Scheme 3 illustrates the approach when A═OCH2 in compounds of the formula 22. Hydrolysis of the methyl ether (18) or benzyl ether (19) affords hydroxy compounds (20) which can be alkylated with the appropriate benzyl halides (21) to give 22. In the case of the methyl ethers (18), the hydrolysis can be effected by heating the ether at temperatures of 50-150 C. for 1-10 hours in 20-60% hydrobromic acid, or heating at 50-90 C. in acetonitrile with 1-5 equivalents of trimethylsilyl iodide for 10-50 hours followed by treatment with water. Hydrolysis can also be carried out by treatment with 1-2 equivalents of boron tribromide in methylene chloride at 10-30 C. for 1-10 hours followed by treatment with water, or by treatment with a Lewis acid such as aluminum chloride and 3-10 equivalents of thiophenol, ethanedithiol or dimethyl disulfide in methylene chloride at 0-30 C. for 1-20 hours followed by treatment with water, or by treatment with aluminum chloride and 3-10 equivalents of thiophenol, ethanedithiol or dimethyl disulfide in methylene chloride at 0-30 C. for 1-20 hours followed by treatment with water. Hydrolysis of benzyl ethers (19) can be accomplished by refluxing in trifluoroacetic acid for 0.2-1 hours or by catalytic hydrogenolysis in the presence of a suitable catalyst such as 105 palladium on carbon and 1 atm of hydrogen. Deprotonation of (20) with a base, such as sodium methoxide or sodium hydride in a solvent such as dimethylformamide (DMF) or dimethylsulfoxide (DMSO) at room temperature followed by alkylation with an appropriate benzyl halide at 25 C. for 2-20 hours affords compounds of the formula (22).

As shown by Scheme 4, the functionalized benzyl azides (25) may be prepared from the corresponding benzyl halides (24) via displacement with an azide salt such as sodium azide in a polar solvent such as dimethylformamide, dimethylsulfoxide or under phase transfer conditions at room temperature for 18-48 hours. The benzyl bromides (24) may be made by a variety of benzylic halogenation methods familiar to one skilled in the art; for example, benzylic bromination of toluene derivatives (23) occurs in an inert solvent such as carbon tetrachloride in the presence of a radical initiator such as benzoyl peroxide at temperatures up to reflux conditions.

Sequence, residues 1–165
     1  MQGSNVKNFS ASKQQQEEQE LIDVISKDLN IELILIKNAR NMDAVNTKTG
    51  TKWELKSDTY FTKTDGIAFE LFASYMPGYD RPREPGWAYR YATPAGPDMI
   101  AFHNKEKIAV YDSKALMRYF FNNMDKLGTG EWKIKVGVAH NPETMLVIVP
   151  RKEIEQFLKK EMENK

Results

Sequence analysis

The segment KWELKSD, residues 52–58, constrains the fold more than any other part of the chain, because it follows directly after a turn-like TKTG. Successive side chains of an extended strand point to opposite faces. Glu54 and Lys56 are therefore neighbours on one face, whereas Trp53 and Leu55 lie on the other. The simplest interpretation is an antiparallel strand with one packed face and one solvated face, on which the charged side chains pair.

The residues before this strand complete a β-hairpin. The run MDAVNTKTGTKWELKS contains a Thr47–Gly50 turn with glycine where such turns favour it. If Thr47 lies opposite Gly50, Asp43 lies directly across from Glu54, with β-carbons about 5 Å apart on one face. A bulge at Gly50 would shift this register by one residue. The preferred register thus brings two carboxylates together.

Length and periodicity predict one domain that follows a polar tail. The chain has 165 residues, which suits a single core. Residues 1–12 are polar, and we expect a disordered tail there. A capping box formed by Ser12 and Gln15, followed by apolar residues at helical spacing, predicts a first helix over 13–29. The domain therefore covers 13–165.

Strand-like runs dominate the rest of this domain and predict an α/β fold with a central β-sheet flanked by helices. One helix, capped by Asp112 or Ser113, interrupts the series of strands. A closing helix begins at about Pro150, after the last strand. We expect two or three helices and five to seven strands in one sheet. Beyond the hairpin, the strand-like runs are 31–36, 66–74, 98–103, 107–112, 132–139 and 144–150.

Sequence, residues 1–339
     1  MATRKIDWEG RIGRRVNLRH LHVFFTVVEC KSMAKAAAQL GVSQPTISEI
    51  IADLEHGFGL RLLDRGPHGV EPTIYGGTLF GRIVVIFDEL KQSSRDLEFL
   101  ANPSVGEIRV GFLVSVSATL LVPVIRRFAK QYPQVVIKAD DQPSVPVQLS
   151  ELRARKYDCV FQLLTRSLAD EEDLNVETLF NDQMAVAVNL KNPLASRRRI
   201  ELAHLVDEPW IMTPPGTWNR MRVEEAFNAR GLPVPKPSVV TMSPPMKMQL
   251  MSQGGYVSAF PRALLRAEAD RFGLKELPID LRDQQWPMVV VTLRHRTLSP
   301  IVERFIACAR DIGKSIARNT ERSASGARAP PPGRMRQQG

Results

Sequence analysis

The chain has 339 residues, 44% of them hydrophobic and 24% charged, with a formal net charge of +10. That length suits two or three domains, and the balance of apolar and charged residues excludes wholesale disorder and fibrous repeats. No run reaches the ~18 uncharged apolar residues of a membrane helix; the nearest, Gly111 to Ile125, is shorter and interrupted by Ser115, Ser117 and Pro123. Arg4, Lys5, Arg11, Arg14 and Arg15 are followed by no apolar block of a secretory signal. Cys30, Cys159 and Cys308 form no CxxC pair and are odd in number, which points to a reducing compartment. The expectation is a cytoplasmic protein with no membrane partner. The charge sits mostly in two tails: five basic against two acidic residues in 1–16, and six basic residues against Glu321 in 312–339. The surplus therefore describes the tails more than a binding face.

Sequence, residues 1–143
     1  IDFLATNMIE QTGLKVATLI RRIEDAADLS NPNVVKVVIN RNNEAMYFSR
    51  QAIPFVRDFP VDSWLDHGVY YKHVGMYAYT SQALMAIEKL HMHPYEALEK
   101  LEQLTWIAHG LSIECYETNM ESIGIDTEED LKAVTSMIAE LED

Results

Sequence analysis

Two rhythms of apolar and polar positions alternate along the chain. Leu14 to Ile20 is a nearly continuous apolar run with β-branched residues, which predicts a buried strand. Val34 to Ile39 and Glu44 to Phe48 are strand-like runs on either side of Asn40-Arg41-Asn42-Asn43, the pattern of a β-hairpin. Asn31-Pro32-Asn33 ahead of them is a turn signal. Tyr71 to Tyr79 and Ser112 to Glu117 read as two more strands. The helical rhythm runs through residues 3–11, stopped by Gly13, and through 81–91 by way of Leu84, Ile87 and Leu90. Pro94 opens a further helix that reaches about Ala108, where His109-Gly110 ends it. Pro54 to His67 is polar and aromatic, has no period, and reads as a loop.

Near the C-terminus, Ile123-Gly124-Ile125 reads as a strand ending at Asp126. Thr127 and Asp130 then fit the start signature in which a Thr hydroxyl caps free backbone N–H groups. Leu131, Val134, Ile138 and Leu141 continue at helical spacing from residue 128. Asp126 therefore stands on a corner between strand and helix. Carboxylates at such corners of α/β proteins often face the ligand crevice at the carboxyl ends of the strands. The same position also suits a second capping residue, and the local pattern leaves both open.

Scheme 5 illustrates the preferred approaches for incorporation of A as a single blond (31), either (34), and carbonyl (37) linker. The biphenyls (31) are prepared by Ullman coupling of 29 and 30 as described in "Organic Reactions", 2, 6 (1944). Ethers (34) can be prepared analogously by an Ullman ether condensation between phenols (32) and halides (33) as described in Russian Chemical Reviews, 43, 679 (1974). The benzophenone intermediates (37) are generally available through classical Friedel-Crafts acylation between toluene (35) and the appropriate benzoyl halides (36), G. Olah, "Friedel-Crafts and Related Reactions", Interscience , New York (1963-1964).